Happy New Year! I’m so happy to be starting this New Year by writing a blog to share with you. I’ve been thinking a lot about limits recently and why it’s important to know what your personal limits are.
This has come up because some of my clients have had trouble determining how much is enough.
We all have physical limits that are pre-determined by the home in which we live. The closets and cupboards can create limits for us if we let them. However, we sometimes (and yes – I am including myself in this discussion) cram things into these spaces thinking that we can ‘make room’.
I have found that the best way to ‘make room’ is to remove everything from the cupboard or closet and only return those items which you absolutely KNOW that you use and/or love. The temptation is to push things around or to restack everything inside the closet or cupboard because it does take time to completely empty the space and make those decisions.
How does knowing your limit apply here? Well, if you’re headed out to go shopping and you come across a dress or a new platter and you know that your cupboard or closet is full and that you’ve reached the limit of what the space will contain easily. It’s easier to say to yourself something like “I know that if I bring something more into this space I will be removing things that I don’t use or love – do I want it badly enough to reorganize the space or can I decide not to bring it into my home”.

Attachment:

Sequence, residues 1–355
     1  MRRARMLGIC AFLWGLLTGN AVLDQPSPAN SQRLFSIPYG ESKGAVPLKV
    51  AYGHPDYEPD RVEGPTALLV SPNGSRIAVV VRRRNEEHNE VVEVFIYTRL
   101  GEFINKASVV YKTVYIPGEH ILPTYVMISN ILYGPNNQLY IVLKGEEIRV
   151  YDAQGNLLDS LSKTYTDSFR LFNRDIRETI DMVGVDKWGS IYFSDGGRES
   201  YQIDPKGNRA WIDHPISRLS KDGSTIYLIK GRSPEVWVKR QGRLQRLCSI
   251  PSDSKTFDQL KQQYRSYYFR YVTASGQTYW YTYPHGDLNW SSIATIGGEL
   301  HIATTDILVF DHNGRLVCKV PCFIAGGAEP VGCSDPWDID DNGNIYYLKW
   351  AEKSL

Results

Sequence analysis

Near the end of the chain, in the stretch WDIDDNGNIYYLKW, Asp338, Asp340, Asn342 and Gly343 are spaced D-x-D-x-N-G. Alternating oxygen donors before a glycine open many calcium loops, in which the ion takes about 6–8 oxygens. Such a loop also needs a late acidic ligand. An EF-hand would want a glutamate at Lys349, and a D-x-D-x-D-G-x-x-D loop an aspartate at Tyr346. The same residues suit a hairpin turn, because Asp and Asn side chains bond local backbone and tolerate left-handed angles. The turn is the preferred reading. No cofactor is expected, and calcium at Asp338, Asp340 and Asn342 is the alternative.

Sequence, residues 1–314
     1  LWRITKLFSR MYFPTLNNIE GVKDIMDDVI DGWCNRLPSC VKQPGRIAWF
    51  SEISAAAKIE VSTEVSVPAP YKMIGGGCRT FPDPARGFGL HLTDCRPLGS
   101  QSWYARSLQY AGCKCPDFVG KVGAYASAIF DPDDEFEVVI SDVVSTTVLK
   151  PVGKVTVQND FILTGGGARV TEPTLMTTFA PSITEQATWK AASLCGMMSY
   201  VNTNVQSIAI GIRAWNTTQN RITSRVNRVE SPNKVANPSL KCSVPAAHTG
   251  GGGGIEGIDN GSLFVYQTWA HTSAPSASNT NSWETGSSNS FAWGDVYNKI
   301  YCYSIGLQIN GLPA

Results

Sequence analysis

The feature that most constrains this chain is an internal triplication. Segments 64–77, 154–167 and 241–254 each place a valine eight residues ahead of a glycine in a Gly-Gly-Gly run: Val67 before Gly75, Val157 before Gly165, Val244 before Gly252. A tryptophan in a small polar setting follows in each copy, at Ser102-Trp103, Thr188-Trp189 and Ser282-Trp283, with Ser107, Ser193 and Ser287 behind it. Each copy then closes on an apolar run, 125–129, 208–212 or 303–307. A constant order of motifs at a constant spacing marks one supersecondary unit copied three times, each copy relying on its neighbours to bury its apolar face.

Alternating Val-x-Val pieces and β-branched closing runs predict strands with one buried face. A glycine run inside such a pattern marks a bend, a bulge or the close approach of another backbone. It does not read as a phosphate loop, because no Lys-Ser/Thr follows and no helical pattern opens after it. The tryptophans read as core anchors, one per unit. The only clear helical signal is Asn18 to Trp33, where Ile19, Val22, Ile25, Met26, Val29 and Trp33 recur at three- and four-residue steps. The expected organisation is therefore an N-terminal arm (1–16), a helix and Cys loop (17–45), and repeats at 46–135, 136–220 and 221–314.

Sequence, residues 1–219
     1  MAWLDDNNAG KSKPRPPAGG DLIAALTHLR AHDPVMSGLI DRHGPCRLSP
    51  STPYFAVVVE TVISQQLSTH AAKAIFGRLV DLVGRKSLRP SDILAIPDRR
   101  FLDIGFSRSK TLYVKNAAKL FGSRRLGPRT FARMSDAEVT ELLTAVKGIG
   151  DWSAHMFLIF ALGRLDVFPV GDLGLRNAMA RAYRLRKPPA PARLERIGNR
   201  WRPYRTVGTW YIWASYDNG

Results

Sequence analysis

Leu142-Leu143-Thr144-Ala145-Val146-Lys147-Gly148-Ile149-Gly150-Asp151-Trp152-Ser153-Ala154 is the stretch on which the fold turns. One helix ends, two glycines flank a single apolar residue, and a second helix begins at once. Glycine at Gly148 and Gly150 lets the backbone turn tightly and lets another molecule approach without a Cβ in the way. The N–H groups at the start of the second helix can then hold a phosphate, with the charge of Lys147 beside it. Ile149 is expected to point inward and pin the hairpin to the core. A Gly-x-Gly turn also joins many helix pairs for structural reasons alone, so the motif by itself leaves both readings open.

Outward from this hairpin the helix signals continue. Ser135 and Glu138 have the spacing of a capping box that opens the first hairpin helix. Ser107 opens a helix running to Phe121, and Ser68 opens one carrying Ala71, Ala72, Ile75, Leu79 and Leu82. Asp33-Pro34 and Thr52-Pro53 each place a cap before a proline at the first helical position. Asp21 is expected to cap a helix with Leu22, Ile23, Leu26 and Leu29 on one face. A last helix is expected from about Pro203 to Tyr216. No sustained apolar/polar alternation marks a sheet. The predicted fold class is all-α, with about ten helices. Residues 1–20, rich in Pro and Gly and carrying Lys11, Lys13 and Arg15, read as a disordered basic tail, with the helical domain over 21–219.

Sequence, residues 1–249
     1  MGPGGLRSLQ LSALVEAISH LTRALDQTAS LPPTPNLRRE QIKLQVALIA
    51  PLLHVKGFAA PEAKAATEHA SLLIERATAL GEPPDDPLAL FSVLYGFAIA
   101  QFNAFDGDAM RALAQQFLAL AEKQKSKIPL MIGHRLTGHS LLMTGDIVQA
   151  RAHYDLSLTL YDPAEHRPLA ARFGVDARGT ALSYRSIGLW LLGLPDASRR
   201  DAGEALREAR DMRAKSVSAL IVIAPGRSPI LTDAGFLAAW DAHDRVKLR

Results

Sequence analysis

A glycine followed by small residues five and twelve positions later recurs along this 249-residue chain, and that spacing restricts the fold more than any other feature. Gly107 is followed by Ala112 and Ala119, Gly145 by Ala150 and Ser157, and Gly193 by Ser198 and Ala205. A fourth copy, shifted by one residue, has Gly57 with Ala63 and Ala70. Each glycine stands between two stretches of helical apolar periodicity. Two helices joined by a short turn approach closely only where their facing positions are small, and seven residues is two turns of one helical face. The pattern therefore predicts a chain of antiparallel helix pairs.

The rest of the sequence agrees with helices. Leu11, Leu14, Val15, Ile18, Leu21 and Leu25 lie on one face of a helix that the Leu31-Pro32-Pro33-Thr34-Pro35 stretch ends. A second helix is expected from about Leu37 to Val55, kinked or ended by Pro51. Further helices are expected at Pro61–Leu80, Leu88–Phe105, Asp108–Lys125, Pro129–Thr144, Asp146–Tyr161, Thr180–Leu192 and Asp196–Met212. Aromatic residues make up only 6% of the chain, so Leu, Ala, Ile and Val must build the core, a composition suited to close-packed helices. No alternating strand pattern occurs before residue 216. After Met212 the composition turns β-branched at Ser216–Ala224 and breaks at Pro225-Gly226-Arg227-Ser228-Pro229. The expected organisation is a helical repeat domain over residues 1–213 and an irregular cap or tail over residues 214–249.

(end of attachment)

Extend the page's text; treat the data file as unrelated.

We also have physical limits in terms of what we can physically do. I can’t lift very heavy weights. I know not to try to lift something really heavy because I will end up hurting myself and I definitely don’t want to do that.
Can you change your physical limits? Sure, through diet and exercise or through modifications you may be able to change some things. For instance, I love to walk and I walk at a pretty fast pace. One of my friends walks with me sometimes. I used to have to slow my pace to accommodate my friend. Since we’ve been walking together regularly his pace has picked up and he can walk farther before asking that we turn around. His limit has increased.
We also have spending limits. Do you want to incur more debt to buy this one item or do you have enough at home? Is it necessary to spend this money or can you make the decision to tell yourself ‘not now’. Knowing your spending limits is key. How do you do this? You create a budget and check it regularly.
Another way to curb your spending is to only carry cash. I know it’s inconvenient but it is effective. Without a credit or debit card in your wallet you have to be mindful of your spending limit. I have more about the benefits of carrying cash in my book: Now What? A Simple Organizing Guide.
I talk to my clients about the physical limits their homes provide regularly and ask them to think about how much is enough. What number of ….(you can fill in the blank) makes sense?
Ask yourself this question and see if it helps you set limits within your home. Maybe you’ve already set limits for yourself? I’d love to hear about your limits and if the question: How much is enough makes sense to you.